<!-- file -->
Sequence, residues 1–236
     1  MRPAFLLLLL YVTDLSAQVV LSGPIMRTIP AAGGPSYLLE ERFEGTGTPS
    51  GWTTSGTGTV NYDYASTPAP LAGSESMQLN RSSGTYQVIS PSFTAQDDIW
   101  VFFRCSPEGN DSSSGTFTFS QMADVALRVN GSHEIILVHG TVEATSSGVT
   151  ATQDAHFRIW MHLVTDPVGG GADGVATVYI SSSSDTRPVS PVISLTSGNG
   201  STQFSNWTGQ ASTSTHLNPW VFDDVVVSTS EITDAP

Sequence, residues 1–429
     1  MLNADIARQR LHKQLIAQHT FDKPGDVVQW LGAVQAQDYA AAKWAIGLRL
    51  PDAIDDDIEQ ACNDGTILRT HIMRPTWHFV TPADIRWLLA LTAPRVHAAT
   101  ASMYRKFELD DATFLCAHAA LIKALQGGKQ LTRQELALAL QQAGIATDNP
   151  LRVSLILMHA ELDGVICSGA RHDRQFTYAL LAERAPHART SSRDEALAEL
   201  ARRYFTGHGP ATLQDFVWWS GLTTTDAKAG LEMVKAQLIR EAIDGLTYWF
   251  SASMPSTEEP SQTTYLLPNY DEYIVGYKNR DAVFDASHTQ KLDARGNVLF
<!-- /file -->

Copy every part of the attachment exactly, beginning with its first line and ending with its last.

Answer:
Sequence, residues 1–236
     1  MRPAFLLLLL YVTDLSAQVV LSGPIMRTIP AAGGPSYLLE ERFEGTGTPS
    51  GWTTSGTGTV NYDYASTPAP LAGSESMQLN RSSGTYQVIS PSFTAQDDIW
   101  VFFRCSPEGN DSSSGTFTFS QMADVALRVN GSHEIILVHG TVEATSSGVT
   151  ATQDAHFRIW MHLVTDPVGG GADGVATVYI SSSSDTRPVS PVISLTSGNG
   201  STQFSNWTGQ ASTSTHLNPW VFDDVVVSTS EITDAP

Sequence, residues 1–429
     1  MLNADIARQR LHKQLIAQHT FDKPGDVVQW LGAVQAQDYA AAKWAIGLRL
    51  PDAIDDDIEQ ACNDGTILRT HIMRPTWHFV TPADIRWLLA LTAPRVHAAT
   101  ASMYRKFELD DATFLCAHAA LIKALQGGKQ LTRQELALAL QQAGIATDNP
   151  LRVSLILMHA ELDGVICSGA RHDRQFTYAL LAERAPHART SSRDEALAEL
   201  ARRYFTGHGP ATLQDFVWWS GLTTTDAKAG LEMVKAQLIR EAIDGLTYWF
   251  SASMPSTEEP SQTTYLLPNY DEYIVGYKNR DAVFDASHTQ KLDARGNVLF